Organ impairment persisted in more than half of over 500 individuals who followed up at one year post COVID-19. Symptoms included extreme breathlessness, cognitive dysfunction, and poor health-related quality of life.
These findings have implications on follow-up treatment and longer-term health, even among younger patients with no comorbidities. Earlier work by this team has shown that MRI is useful for detecting such damage.
The study appeared this week in the Journal of the Royal Society of Medicine, and its senior author is Amitava Banerjee, Department of Medicine, University College London Hospitals NHS Foundation Trust, London.
As the researchers write, “Symptoms of long COVID, also known as post-acute sequelae of COVID-19, are well documented, but natural history is poorly characterized, either by symptoms, organ impairment or function.”
To further address this question, these researchers assessed symptoms, health status, and multi-organ tissue characterization and function at six and twelve months after patients recovered from acute COVID-19. These patients came from two healthcare settings— Oxford and London.
A total of 536 individuals were studied with an average age of 45. They were 73% female, 89% White, 32% healthcare workers, and 13% had acute COVID-19 hospitalization. Of those, 331 (62%) showed organ impairment or incidental findings and had follow-up.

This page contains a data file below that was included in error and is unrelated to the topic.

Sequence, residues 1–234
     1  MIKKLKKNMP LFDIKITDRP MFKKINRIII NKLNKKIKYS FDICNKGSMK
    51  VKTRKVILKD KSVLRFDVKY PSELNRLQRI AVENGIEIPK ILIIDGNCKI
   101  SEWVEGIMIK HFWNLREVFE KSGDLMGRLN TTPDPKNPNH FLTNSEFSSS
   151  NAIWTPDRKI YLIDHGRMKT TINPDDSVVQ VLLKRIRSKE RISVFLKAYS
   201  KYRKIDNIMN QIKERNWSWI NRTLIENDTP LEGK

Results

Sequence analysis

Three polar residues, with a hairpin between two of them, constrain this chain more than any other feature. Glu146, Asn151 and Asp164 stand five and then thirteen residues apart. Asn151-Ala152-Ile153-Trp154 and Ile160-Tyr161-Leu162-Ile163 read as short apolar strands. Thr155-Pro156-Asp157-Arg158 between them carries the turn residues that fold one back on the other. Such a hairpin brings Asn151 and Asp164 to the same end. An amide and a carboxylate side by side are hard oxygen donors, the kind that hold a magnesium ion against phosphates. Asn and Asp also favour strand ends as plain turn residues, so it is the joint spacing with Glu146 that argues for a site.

Extreme breathlessness (38% and 30%), cognitive dysfunction (48% and 38%) and poor health-related quality of life (57% and 45%) were common at 6 and 12 months. These symptoms were associated with female gender, younger age, and single-organ impairment. Single- and multi-organ impairment were present in 69% and 23% at baseline, persisting in 59% and 27% at follow-up, respectively.
This supports other findings. An online survey published in 2021, found that among more than 3,700 individuals with suspected or confirmed COVID-19, debilitating symptoms lasted more than 35 weeks. Fatigue, breathlessness, and cognitive dysfunction were the most frequent symptoms. And, in findings from the U.K.’s largest long COVID clinic, non-hospitalized patients required specialist referral at similar rates to hospitalized patients and were more likely to report breathlessness and fatigue, with reduced health-related quality of life.
In an earlier study, Banerjee’s team performed magnetic resonance imaging (MRI) data on 201 individuals. It revealed mild organ impairment in the heart, lungs, kidneys, liver, pancreas and spleen, with single- and multi-organ impairment in 70% and 29% of patients (respectively) four months after COVID-19.
“Clinical utility of these MRI metrics for chronic and multi-system conditions has been shown,” these authors noted in that paper.
The U.K., other countries, and researchers have been responding to long COVID. But as these researchers note, “Clinical patient pathways are unclear and there are still no proven, evidence-based therapies, either in subgroups or in the overall long COVID population.”
They add that though long COVID has been thought to be linked to severity of initial illness, “Prognostic factors are neither defined nor investigated systematically in non-hospitalized patients. To conduct trials of possible therapies for long COVID, we need stratification by symptoms or investigations.”